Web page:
Garfield, Rachel L. (2011). Mental health financing in the United States–A primer (pp. 46): Kaiser Commission on Medicaid and the Uninsured.
The Kaiser Family Foundation, one of the foremost health care policy information sources anywhere, has published a most useful report on the financing of American mental health system. Working closely as we do with families navigating the maelstrom of mental illness, we find this report very helpful in understanding the framework of the mental health system in this country, something that every family member must sooner or later master. The report shows, for instance, how important Medicaid and Medicare have become to funding mental health care. These (and other) public sources represent 61% of all mental health expenditures. The report also describes at a high level the sources and uses of such funding, as well as the eligibility, coverage benefits, and specific program financing of each. Mental Health Financing in the United States makes for an excellent subsequent summary resource to explain much of what is behind “The System” as seen from a family perspective (see PsychOdyssey 101: “The System”).
Treatment Advocacy Center and the National Sheriffs’ Association (2010). More Mentally Ill Persons Are In Jails and Prisons Than Hospitals–A Survey of the States.
A recent report jointly issued by The Treatment Advocacy Center and the National Sheriffs’ Association brings alarming news. There are now more mentally ill in prison than in psychiatric hospitals. We are back to the 1820s and 1830s. Dorothea Dix, the most important psychiatric reformer in American history, is spinning in her grave. Some details:
- There are 3 times more mentally ill persons in jail than in hospital
- 16% of prison inmates have a serious mental illness
- 40% of people with mental illness have been in jail at some time
- In 1955, there was 1 psychiatric bed for every 300 Americans. In 2005: 1 for 3,000.
- Such conditions today are as they were in the 1840s.
To overcome this travesty, the report proposes a) assisted outpatient treatment, b) mental health courts, surveys of the states, the linking of Federal block grants to better outcomes, and abolishing hte “institutions for mental disease” (IMD) Medicaid restriction.
National Alliance on Mental Illness (2011). State Mental Health Cuts: A National Crisis. Fairfax, VA: NAMI. (posted March 29, 2011)
The National Alliance on Mental Illness (NAMI) has released its latest report, entitled State Mental Health Crisis: A National Crisis. The report details the status of state government mental health budgets across the country. For loved ones and their family members in most states, it makes for sober reading. California leads the pack in total funds cut, some $587 million. (It is hard to ignore that this figure for just one state’s mental health budget cuts corresponds to one that PsychOdyssey heard on a news show two days ago: the total “air war” in Libya after just 30 days, with 190 Tomahawk missles each costing $1.4 million, has cost the United States about this same amount!) All family members should take time to dig into this important report, and take action at their state levels. See the NAMI report here.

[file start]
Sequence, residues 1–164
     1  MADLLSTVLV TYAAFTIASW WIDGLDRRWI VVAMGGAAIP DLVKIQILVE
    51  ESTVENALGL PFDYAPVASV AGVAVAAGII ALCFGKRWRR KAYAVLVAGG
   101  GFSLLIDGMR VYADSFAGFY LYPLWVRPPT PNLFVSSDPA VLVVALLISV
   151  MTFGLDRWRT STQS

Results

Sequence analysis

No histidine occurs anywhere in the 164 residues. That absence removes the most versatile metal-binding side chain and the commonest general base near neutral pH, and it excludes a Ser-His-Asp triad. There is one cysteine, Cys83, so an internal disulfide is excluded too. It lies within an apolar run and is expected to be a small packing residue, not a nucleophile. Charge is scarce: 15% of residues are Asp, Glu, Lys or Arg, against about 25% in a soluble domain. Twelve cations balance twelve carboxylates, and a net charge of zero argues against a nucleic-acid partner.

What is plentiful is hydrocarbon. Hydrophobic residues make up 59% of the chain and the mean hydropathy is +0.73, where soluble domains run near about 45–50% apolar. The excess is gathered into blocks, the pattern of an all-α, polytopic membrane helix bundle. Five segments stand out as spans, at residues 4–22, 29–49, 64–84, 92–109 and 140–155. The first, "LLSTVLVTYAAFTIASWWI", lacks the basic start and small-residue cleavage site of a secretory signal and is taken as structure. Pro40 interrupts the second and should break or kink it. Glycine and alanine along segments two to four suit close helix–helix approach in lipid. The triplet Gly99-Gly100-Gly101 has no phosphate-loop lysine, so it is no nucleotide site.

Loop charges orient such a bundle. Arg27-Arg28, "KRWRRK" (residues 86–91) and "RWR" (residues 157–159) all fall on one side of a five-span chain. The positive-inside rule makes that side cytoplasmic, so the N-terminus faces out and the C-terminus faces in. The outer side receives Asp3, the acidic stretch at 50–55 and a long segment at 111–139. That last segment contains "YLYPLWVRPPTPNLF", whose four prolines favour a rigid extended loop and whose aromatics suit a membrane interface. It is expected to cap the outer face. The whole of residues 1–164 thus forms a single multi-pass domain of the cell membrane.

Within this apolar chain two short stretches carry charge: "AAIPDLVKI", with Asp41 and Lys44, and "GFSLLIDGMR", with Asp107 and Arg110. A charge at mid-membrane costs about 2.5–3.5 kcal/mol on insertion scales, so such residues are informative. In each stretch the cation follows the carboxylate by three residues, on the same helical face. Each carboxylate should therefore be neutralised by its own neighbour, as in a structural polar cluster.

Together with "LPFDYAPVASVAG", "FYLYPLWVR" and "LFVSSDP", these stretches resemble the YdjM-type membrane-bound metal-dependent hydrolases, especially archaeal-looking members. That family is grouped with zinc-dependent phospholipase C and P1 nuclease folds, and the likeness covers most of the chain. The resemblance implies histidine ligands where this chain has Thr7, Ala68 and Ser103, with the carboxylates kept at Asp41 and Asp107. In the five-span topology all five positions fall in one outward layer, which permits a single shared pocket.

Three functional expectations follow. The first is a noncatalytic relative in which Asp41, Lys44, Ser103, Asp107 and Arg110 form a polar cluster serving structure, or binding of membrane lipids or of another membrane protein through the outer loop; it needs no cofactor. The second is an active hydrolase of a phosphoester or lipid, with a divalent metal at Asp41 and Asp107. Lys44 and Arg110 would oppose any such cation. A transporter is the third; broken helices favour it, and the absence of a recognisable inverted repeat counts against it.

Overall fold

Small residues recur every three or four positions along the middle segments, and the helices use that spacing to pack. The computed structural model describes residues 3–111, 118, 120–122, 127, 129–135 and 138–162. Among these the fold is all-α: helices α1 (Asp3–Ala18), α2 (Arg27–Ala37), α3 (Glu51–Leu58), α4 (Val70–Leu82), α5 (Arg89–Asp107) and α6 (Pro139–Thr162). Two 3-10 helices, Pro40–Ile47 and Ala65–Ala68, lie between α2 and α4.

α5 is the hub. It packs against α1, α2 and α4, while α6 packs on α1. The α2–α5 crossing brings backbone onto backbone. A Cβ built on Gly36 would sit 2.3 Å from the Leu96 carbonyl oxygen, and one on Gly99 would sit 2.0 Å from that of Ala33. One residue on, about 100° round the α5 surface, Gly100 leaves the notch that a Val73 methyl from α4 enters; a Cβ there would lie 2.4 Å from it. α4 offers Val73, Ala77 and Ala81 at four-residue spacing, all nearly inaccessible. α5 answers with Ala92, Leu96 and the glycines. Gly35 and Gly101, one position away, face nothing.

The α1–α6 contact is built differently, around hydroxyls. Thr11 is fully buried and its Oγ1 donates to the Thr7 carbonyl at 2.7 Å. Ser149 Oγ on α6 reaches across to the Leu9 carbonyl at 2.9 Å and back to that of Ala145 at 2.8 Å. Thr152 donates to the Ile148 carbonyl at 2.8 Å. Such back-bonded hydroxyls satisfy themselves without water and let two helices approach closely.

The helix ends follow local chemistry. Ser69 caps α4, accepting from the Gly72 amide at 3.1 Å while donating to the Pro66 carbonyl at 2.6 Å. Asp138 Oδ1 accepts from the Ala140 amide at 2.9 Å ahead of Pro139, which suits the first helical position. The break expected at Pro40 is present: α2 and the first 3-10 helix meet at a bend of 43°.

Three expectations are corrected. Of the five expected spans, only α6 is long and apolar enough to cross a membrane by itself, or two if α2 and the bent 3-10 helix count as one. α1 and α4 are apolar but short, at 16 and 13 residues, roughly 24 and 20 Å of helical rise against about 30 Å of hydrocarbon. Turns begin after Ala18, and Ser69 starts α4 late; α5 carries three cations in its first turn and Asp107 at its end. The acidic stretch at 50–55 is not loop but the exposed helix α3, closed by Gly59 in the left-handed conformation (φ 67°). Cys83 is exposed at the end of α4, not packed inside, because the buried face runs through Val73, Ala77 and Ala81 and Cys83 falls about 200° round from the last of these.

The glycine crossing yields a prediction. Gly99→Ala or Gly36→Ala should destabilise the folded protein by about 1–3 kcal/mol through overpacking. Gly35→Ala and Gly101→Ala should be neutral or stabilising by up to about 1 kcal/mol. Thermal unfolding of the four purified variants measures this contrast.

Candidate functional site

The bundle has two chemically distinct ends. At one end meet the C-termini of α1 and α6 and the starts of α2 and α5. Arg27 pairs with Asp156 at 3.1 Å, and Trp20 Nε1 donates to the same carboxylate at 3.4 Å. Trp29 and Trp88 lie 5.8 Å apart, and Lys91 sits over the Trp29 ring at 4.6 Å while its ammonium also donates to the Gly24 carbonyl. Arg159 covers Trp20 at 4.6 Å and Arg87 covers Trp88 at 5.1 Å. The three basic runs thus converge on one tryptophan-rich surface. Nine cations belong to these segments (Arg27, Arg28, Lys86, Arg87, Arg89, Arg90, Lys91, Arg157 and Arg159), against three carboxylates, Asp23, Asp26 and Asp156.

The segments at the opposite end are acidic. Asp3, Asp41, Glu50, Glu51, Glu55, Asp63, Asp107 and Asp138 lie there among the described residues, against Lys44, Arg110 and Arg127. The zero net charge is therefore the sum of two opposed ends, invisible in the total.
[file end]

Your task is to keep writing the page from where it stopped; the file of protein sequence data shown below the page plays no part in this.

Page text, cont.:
Health Sciences Research Institute (2011). Transforming the Adult Mental Health Care Delivery System in Milwaukee County: Final Report. Retrieved from http://www.hsri.org/project/milwaukee-county-mental-health-system-redesign/overview/
Long-time visitors to PsychOdyssey.net know its fixation about “The System” that serves–and stymies–families navigating the maelstrom of mental illness. What if we could start from scratch and redesign it? That is essentially what the County of Milwaukee in Wisconsin recently did by commissioning the Health Services Research Institute of Cambridge, MA, to study and publish recommendations. HSRI’s report presents the findings from a comprehensive planning effort to redesign the mental health care system in Milwaukee County, in partnership with the Public Policy Forum and the Technical Assistance Collaborative, Inc. The project was initiated in October 2008 by the Milwaukee Health Care Partnership, the Medical Society of Milwaukee County, and the Milwaukee County Behavioral Health Division. While long (over 100 pages of text), it touches all the elements of a county mental health system. By skimming it, fmaily members can gain an idea of the scale and complexity of all that is involved. (Posted on January 30, 2011.)
British Psychological Society (2000). Recent advances in understanding mental illness and psychotic experiences.
This long (83 pages) paper covers the ground thoroughly, and yet it is quickly read and easily digested.